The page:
Fragile X is a common cause of autism and intellectual disability


Have you heard of fragile X syndrome? If not, you’re not the only one. Most people would be surprised to learn that it’s the most common identified cause of inherited intellectual disability. Fragile X syndrome is also the most common known cause of autism or autism spectrum disorders.

Even the vast majority of individuals who have fragile X syndrome have not been diagnosed, and family members who carry the trait are completely unaware that their unborn children could also be at risk.

The syndrome derives its name from the microscopic appearance of the X chromosome, which has a distinctly unusual area that looks as if it could easily break off. All males carry an X and a Y chromosome, and receive the X from their mothers. Females carry two X chromosomes, receiving one from each parent. Hence girls can inherit fragile X from either parent, while boys inherit it only from their mothers.

Females are protected from fragile X syndrome to a degree because they have two X chromosomes. Because one of their X chromosomes is most likely to be normal, the effect of the abnormal one is less pronounced, and they usually have milder problems than males, with only 30% having intellectual disability and the rest having emotional or learning problems. 

Fragile X can cause a variety of problems

The genetic defect has widespread consequences in the body, and people with even the trait or carrier status may have a variety of physical, emotional, intellectual and behavioral problems or they may be normal. Early menopause is a common problem for women who are carriers. Also, older carriers can develop tremor and balance problems as they age. All of these problems can vary widely in severity among individuals.

About 80% of boys with fragile X syndrome demonstrate intellectual disability, compared to about one third of females. Intellectual abilities range from a normal IQ with subtle learning disabilities to severe intellectual disability. Female carriers who are intellectually normal are often found to share characteristic disturbances, such as difficulty in learning math, and emotional problems such as extreme shyness, anxiety, obsessive worrying and mood swings.

Typical physical characteristics of those with fragile X syndrome include a narrow face, a prominent chin and jaw, and ears that stick out. Boys usually have enlarged testicles during and after puberty. Children may be larger than their peers in childhood, but because they usually have only a small growth spurt during puberty, adult height is often short although some may be tall. Unusually flexible joints are also characteristic and can cause orthopedic problems.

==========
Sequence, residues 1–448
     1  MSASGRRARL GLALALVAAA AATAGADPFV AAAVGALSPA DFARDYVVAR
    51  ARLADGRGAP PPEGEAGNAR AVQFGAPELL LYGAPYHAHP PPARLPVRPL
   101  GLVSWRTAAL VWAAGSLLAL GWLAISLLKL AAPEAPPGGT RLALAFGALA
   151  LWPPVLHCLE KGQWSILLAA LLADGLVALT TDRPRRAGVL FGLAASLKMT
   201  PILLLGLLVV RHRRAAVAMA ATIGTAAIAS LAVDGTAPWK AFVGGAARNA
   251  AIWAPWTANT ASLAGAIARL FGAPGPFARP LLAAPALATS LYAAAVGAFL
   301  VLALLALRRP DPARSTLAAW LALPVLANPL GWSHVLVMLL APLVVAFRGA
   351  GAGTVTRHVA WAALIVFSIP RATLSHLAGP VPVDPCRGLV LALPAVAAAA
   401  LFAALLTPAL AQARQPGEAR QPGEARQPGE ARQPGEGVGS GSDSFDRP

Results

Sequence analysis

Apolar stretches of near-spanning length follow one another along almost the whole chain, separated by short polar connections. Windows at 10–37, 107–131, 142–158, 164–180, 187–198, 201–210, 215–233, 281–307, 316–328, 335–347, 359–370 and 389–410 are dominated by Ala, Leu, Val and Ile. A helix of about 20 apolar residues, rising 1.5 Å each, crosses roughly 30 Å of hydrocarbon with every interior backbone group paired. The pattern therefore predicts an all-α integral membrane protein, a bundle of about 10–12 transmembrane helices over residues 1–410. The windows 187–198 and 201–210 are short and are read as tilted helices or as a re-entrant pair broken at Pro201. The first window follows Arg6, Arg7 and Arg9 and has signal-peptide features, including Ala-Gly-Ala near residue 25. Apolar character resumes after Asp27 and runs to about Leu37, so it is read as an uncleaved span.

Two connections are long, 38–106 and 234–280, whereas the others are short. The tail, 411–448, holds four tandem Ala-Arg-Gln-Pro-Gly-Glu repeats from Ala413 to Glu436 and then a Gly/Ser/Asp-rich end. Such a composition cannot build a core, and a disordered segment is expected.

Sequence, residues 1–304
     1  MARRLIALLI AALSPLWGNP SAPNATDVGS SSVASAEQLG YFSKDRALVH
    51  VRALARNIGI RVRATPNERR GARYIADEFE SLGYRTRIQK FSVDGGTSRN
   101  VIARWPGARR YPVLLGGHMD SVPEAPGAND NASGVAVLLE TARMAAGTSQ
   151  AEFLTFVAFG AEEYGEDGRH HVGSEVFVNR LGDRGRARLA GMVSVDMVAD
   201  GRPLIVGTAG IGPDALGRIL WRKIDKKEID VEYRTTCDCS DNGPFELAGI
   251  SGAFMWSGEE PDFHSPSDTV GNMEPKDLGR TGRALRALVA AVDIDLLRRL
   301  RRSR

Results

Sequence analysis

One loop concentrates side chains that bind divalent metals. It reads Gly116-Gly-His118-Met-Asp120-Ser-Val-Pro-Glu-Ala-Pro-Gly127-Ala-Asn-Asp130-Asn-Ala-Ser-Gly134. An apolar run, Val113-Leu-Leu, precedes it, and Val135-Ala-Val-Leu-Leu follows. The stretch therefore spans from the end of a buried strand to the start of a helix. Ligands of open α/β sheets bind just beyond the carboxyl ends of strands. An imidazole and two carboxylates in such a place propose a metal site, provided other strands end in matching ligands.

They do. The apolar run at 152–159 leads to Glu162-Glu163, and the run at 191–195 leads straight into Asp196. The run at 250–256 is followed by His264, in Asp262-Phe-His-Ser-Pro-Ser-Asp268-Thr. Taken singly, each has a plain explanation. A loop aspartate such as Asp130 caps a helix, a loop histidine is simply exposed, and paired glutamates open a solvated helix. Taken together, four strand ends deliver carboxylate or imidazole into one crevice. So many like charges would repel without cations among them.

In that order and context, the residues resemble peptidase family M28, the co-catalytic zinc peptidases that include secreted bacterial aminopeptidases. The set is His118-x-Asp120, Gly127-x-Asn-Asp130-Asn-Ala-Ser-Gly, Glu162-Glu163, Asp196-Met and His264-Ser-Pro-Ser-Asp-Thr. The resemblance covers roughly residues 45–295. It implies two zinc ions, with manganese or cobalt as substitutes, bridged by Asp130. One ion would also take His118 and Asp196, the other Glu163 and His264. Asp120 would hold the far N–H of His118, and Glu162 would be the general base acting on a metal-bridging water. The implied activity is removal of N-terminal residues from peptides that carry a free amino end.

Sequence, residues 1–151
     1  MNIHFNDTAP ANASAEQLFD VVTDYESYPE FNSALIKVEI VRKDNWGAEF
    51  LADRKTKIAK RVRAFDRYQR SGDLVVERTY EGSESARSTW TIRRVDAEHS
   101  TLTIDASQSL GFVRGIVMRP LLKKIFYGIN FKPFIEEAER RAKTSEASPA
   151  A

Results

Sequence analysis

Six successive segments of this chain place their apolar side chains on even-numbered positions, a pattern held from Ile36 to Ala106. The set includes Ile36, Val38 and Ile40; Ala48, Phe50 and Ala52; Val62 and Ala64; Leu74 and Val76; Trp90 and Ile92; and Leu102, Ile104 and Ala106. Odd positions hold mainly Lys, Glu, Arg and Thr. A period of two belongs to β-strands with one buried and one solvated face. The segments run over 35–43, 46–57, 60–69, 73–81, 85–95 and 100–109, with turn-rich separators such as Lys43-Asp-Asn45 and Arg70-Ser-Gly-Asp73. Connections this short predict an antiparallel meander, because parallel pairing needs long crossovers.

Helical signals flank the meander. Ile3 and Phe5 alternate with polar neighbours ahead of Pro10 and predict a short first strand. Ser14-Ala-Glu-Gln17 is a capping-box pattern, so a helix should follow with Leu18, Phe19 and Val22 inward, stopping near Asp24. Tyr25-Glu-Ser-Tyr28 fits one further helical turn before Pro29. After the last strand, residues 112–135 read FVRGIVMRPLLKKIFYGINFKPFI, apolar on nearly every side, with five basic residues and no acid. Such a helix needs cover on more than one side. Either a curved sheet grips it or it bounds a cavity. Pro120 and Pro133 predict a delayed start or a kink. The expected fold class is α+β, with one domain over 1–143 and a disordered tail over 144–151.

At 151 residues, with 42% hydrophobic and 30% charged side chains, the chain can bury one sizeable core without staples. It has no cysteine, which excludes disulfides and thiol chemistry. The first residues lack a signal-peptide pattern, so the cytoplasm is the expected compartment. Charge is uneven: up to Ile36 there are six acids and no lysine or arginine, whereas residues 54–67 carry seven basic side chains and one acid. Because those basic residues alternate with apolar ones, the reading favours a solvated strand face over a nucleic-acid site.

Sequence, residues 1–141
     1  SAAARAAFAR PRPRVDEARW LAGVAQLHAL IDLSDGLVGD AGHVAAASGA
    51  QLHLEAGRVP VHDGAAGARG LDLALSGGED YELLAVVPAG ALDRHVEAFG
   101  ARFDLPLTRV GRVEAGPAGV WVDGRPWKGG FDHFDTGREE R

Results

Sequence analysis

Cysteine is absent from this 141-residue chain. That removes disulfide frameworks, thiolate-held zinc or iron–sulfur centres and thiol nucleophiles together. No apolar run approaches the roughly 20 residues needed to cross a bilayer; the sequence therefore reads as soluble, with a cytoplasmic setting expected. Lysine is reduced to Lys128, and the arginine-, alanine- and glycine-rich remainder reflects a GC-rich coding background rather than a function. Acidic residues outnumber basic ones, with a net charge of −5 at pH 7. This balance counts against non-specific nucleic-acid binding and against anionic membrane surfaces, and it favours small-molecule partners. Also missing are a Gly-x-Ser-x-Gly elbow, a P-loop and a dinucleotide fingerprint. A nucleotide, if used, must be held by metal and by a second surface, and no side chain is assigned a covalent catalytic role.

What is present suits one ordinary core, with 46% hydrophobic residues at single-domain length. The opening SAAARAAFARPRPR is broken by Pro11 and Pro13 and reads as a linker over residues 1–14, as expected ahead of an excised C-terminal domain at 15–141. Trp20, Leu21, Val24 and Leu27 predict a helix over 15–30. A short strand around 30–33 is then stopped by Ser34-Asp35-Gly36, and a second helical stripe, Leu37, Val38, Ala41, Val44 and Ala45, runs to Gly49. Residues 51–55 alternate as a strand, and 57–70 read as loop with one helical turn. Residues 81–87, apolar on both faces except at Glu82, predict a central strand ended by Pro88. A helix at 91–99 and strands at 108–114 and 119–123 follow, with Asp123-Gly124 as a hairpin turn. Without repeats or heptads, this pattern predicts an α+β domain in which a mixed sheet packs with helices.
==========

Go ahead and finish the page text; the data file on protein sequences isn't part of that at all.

Health problems, related to the variety of underlying physical abnormalities, include frequent sinus and ear infections, a “lazy” eye, dental problems, and heart murmurs indicative of a floppy heart valve. Seizures are common, but are often outgrown by adulthood.

Behavior problems can be severe. Although many children with fragile X syndrome clearly desire socialization, they are often overwhelmed by stimuli, leading to behaviors typical of autism. Like classically autistic children, they may avoid eye contact, flap their hands, and have late speech development with unusual patterns, such as mumbling or very rapid speech that is difficult to understand. Many children are impulsive and hyperactive, and some are aggressive.

Treatments for fragile X syndrome

What can be done for individuals with fragile X syndrome? Although there is no cure at this point, new targeted treatments are being studied in clinical trials at the MIND Institute that have the potential to reverse aspects of fragile X syndrome, including the behavioral and cognitive deficits.

In addition a variety of medications can help control hyperactivity and aggression, as well as moderate anxiety and mood instability. Special education, as well as speech therapy and physical therapy if needed should begin at a young age, when progress is typically most rapid.

Understanding the unique pattern of physical and mental problems typical of fragile X syndrome in order to optimally treat the individual is one reason why a proper diagnosis is so important. Experts urge anyone who has unexplained intellectual deficits or autism to undergo fragile X DNA testing, which can be accomplished with a simple blood sample.

In addition, anyone who has even a distant family member with unexplained intellectual disability or autism should seek genetic counseling to determine their risk of carrying the trait of fragile X syndrome and other genetically inherited problems. Testing for carrier status can also be performed on a blood sample, and prenatal diagnosis is available by amniocentesis or chorionic villus sampling as early as 10 weeks.

Fragile X resources

The National Fragile X Foundation has lots of information on this syndrome, including research, education series, and more.

The UC Davis MIND Institute also has research and treatment information for fragile X syndrome.

This article was written by Randi J. Hagerman, M.D. She is a leading authority on fragile X syndrome and the medical director of the UC Davis MIND Institute in Sacramento.

The UC Davis MIND Institute in Sacramento, Calif. was founded in 1998 as a unique interdisciplinary research center where families, community leaders, researchers, clinicians and volunteers work together toward a common goal: researching causes, treatments and potential prevention of challenges associated with neurodevelopmental disabilities. The institute has major research efforts in autism, fragile X syndrome, chromosome 22q11.2 deletion syndrome, attention-deficit/hyperactivity disorder (ADHD) and Down syndrome. More information about the institute and its Distinguished Lecturer Series, including previous presentations in this series, is available on the Web at